N2 - Extracellular application of dopamine in the synaptic bed of the lateral dendrite of the goldfish Mauthner (M-) cell enhances both the electrical and chemical components of the mixed excitatory postsynaptic potential (EPSP) evoked by ipsilateral eighth nerve stimulation (Pereda et. al., 1992). We describe here results of experiments designed to determine the locus of action of dopamine and the underlying cellular mechanisms. This amine acts independently on the two modes of transmission, since (1) the percentage increases in the two were not correlated, (2) the time courses of their modifications were independent, and (3) the observed increases in synaptic responses cannot be attributed to a generalized effect on M-cell input conductance, which was increased by dopamine, a change that would rather be expected to shunt the synaptic potentials. Also, dopamine does not produce presynaptic spike broadening and does not modify paired-pulse facilitation, two indications that it acts postsynaptically. The alterations in the mixed EPSP are presumably due to activation of a postsynaptic cAMP-dependent phosphorylation pathway. Specifically, they did not occur if the cAMP- dependent protein kinase inhibitor PKI5-24 was injected intradendritically prior to dopamine application, and they could, on the other hand, be mimicked by injections of the catalytic subunit of the cAMP- dependent protein kinase, PKA(CAT). In contrast, neither manipulation altered the M-cell input conductance directly or affected the dopamine-induced increase in conductance, suggesting this effect of dopamine is cAMP independent. However, all the dopamine actions were reproduced by intradendritic injections of GTP-γ-S, and by dopamine D, receptor activation (Pereda et. al., 1992), indicating a divergence of the intracellular regulatory pathways, with the possible involvement of multiple G proteins and second messenger systems. These findings provide strong evidence that dopamine modulates the two components of these mixed excitatory synapses by separate postsynaptic mechanisms, probably involving cAMP-dependent phosphorylations of both glutamate receptors and of the M-cell side of gap junction channels. Thus, electrotonic synapses may well have distinct pre- and postsynaptic regulatory sites.

AB - Extracellular application of dopamine in the synaptic bed of the lateral dendrite of the goldfish Mauthner (M-) cell enhances both the electrical and chemical components of the mixed excitatory postsynaptic potential (EPSP) evoked by ipsilateral eighth nerve stimulation (Pereda et. al., 1992). We describe here results of experiments designed to determine the locus of action of dopamine and the underlying cellular mechanisms. This amine acts independently on the two modes of transmission, since (1) the percentage increases in the two were not correlated, (2) the time courses of their modifications were independent, and (3) the observed increases in synaptic responses cannot be attributed to a generalized effect on M-cell input conductance, which was increased by dopamine, a change that would rather be expected to shunt the synaptic potentials. Also, dopamine does not produce presynaptic spike broadening and does not modify paired-pulse facilitation, two indications that it acts postsynaptically. The alterations in the mixed EPSP are presumably due to activation of a postsynaptic cAMP-dependent phosphorylation pathway. Specifically, they did not occur if the cAMP- dependent protein kinase inhibitor PKI5-24 was injected intradendritically prior to dopamine application, and they could, on the other hand, be mimicked by injections of the catalytic subunit of the cAMP- dependent protein kinase, PKA(CAT). In contrast, neither manipulation altered the M-cell input conductance directly or affected the dopamine-induced increase in conductance, suggesting this effect of dopamine is cAMP independent. However, all the dopamine actions were reproduced by intradendritic injections of GTP-γ-S, and by dopamine D, receptor activation (Pereda et. al., 1992), indicating a divergence of the intracellular regulatory pathways, with the possible involvement of multiple G proteins and second messenger systems. These findings provide strong evidence that dopamine modulates the two components of these mixed excitatory synapses by separate postsynaptic mechanisms, probably involving cAMP-dependent phosphorylations of both glutamate receptors and of the M-cell side of gap junction channels. Thus, electrotonic synapses may well have distinct pre- and postsynaptic regulatory sites.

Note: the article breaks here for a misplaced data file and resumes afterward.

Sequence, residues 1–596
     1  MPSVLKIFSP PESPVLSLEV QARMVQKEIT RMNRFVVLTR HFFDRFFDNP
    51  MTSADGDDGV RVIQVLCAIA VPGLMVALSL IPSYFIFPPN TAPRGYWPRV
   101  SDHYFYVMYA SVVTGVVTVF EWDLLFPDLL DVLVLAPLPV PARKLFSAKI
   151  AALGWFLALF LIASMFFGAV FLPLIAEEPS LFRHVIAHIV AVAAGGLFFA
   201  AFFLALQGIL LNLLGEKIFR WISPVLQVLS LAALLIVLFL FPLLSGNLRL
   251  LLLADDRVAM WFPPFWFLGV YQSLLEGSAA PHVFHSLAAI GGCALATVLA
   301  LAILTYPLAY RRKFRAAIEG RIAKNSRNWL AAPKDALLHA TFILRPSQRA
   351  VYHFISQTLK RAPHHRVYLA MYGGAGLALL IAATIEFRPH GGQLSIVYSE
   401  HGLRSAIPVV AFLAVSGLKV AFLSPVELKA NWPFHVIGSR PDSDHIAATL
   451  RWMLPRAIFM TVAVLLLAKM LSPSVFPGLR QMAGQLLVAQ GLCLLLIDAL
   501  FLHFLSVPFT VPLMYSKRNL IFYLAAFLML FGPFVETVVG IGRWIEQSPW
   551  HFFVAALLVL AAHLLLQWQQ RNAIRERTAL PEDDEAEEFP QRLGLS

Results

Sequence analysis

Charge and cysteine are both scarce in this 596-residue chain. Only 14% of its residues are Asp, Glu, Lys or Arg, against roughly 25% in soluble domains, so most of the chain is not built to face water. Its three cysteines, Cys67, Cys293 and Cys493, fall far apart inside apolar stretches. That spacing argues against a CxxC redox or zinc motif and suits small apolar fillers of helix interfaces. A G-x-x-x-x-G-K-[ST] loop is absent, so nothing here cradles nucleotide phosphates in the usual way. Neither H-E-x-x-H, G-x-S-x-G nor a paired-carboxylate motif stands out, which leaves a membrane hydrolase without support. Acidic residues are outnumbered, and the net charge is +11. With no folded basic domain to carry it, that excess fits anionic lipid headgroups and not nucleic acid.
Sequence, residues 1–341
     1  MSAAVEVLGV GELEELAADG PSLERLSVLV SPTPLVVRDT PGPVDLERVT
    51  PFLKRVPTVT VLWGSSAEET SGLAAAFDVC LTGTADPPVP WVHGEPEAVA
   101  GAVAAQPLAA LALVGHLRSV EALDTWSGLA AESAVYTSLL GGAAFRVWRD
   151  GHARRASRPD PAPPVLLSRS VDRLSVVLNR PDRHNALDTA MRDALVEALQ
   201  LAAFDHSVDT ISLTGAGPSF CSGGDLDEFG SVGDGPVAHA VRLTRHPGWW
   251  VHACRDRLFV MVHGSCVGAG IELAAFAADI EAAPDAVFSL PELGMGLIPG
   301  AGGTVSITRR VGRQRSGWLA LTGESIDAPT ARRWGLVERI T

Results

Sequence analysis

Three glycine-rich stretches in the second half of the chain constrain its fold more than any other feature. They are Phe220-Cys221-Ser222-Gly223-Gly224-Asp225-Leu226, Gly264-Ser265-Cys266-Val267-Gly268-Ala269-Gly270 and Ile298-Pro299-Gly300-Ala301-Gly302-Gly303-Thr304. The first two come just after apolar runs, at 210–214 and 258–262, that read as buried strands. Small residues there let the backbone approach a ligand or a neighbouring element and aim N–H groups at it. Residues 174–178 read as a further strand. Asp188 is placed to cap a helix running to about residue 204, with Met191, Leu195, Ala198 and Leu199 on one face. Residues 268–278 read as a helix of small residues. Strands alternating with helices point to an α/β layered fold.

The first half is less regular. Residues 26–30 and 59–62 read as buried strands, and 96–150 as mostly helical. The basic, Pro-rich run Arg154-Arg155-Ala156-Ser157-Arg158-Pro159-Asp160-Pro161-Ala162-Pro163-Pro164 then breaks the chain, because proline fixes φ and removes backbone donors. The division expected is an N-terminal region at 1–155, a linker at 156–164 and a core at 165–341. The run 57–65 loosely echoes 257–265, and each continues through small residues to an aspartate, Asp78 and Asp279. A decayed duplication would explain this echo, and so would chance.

KW - cAMP

KW - dopamine

KW - gap junctions

KW - glutamate receptors

KW - Mauthner cell

KW - postsynaptic

UR - http://www.scopus.com/inward/record.url?scp=0028229097&partnerID=8YFLogxK

UR - http://www.scopus.com/inward/citedby.url?scp=0028229097&partnerID=8YFLogxK

M3 - Article

VL - 14

SP - 3704

EP - 3712

JO - Journal of Neuroscience

JF - Journal of Neuroscience

SN - 0270-6474

IS - 6

ER -